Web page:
The Columbia House brand was created in the 1970s by the Columbia Records division of CBS, Inc. as an umbrella for its mail-order music clubs. Columbia House then created their club where members would pick music media at a discounted prices under the promise of buying more at regular price later. In 1982, Columbia House decided to launch the “Columbia Video Game Club”, which would use the same principle but applied to video games. The club would offer games for the Atari 2600, the Atari Home Computers, the Colecovision/Adam, Apple, and the Commodore 64. Columbia House needed to sign distribution deals with various software company and to do so, they reached out to CBS Electronics, another company under the CBS umbrella. CBS Electronics had published several arcade adaptations and original titles for the Atari 2600, and other consoles and computers. They were also distributed all Coleco-related video game products in Europe. From there, Columbia House was able to signed distribution deal with a few software companies, including CBS Electronics.
Around the same time, Coleco informed CBS Electronics of a new video game console that was about to hit the market: the Coleco Gimini. The Gimini was an Atari 2600 clone that Coleco planned to release in 1983. It was based on their ColecoVision Expansion Module #1, which granted the ColecoVision ability to play Atari 2600 games. CBS Electronics though that would be a good fit for the Columbia Video Game Club and another deal was struck between Coleco and CBS, but this time, to provide them with their own rebranded version of the Coleco Gemini for it to be sold via the club : the Columbia Home Arcade.
But Atari had no intention to let this attack go unanswered. On December 8, 1982, Atari files a suit of 350$ million in U.S. District Court, Northern District of Illinois, Eastern Division against Coleco Industries, charging patent infringement and unfair competition under State and Federal law. Atari’s lawsuit sought a preliminary and permanent injunction against the manufacture and sale of Coleco’s Expansion Module No. 1 which was intended to allow Atari’s VCS compatible cartridges to be played on the Colecovision home video game unit. Atari claimed that the Coleco cartridge adapter infringed two basic video game patents held by Atari–U.S. Patent No. 4,112,422 covering motion objects commonly referred to as players, missiles or sprites and U.S. Patent No. 4,314,236 relating to digital generation of sound and noise especially suitable to video games. Coleco said it would file a counterclaim charging violations of antitrust law by Atari.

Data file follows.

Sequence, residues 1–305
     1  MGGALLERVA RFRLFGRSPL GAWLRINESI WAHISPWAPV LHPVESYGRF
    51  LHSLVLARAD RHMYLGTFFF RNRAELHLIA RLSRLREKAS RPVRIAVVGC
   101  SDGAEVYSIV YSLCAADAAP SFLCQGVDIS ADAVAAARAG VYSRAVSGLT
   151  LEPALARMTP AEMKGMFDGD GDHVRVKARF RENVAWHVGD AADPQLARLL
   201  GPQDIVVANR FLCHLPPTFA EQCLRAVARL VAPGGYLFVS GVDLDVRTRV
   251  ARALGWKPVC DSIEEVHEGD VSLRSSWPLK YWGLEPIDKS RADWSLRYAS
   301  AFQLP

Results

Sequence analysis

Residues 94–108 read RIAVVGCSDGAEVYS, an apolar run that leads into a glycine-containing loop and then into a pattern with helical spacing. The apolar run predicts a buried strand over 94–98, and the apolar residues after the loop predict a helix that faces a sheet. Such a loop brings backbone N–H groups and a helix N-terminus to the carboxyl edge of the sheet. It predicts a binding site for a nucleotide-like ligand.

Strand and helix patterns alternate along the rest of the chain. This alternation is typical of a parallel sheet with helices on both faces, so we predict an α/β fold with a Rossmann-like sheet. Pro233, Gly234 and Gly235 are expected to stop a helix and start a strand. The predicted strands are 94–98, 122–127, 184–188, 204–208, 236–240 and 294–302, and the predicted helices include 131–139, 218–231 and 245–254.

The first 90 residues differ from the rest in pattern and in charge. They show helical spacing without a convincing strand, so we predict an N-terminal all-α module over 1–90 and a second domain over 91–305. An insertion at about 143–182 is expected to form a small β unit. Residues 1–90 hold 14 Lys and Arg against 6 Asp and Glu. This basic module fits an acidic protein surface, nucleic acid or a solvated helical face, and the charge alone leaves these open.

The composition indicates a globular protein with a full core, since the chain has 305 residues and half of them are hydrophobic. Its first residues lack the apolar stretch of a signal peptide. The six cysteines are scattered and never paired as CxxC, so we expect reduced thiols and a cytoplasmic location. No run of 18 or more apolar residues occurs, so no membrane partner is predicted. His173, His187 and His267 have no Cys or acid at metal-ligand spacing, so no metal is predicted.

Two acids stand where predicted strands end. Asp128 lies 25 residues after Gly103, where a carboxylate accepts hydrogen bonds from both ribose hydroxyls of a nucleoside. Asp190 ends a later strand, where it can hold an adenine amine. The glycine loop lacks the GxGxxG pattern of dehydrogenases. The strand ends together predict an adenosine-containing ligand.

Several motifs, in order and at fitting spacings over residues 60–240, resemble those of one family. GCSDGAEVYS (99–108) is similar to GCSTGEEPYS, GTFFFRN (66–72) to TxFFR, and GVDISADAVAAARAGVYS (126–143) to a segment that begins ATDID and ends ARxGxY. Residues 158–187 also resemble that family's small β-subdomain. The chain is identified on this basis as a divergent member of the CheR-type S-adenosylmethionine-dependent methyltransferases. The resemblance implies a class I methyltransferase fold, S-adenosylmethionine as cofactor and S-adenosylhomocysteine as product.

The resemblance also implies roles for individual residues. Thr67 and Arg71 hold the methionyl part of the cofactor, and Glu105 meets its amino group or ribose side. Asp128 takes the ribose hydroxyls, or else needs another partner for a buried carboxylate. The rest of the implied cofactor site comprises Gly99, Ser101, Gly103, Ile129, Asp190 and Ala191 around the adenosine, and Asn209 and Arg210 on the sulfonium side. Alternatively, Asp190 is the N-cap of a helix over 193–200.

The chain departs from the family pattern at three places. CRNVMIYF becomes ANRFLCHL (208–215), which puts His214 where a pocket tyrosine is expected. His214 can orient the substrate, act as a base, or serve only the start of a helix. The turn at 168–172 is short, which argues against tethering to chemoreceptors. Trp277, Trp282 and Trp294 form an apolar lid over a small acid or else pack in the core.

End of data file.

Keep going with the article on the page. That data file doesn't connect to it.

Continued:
Coleco countersued Atari for 500$ million alleging Anti-Trust and continued developing the Gemini. Atari quickly modified the filing to add both the Gemini and the Columbia House Arcade to the injunction. This didn’t stop Coleco to reveal the Gemini at the 1983 CES in February.
Although urban legend says that Atari lost in court, the reality is quite different. Coleco argued that they had made their expansion with off the shelves part and, as such, had not infringe on any patent. This was mostly true … mostly. One chip, called the TIA, which is a simple audio/video chip is the heart of any Atari 2600. The chip itself was indeed used in many different Atari 2600 clone, but always under the license of Atari. To go around the TIA, Coleco sourced a clone from another company, VTI, also known as VLSI Technology Inc. VTI also sold the same chip to Mattel for their 2600 compatibility module for the Intellivision console. Atari would have no problem proving the Coleco didn’t use off-the-shelf parts for the TIA and Coleco had no choice but negotiate an agreement with Atari. The 2600 was already end-of-life and Atari had move their focus on the 5200, so they didn’t really mind if Coleco wanted to create a clone as long as they were getting their cut. On March 11, 1983 . Atari and Coleco announced they had settled their lawsuits against each other. Under their settlement, Coleco could continue making and selling its ColecoVision Expansion Module No. 1 and also could ship it planned Atari 2600-compatible Gemini Video Game System. However, Coleco would do so as a licensee of Atari’s patents, and would pay a royalty to Atari.
At this point, both the Gemini and the Columbia Home Arcade were green-lighted to be sold.
The Columbia Home Arcade was then supposedly offered to the members of the Video Game Club for $49.95. The console was packed in a brown box with label “CBS video game club” and came packed with a sealed copy of Donkey Kong. I say supposedly as no flyers advertising the Columbia Home Arcade was ever found. Some says that the consoles were given to employees instead while other speculate that the console was indeed sold for a very short period of time before the effect of the video game crash made it unsellable. In any case, the console was short-lived.
In the end, around only 10,000 units were manufactured, but it is possible that the unsold stock was destroyed.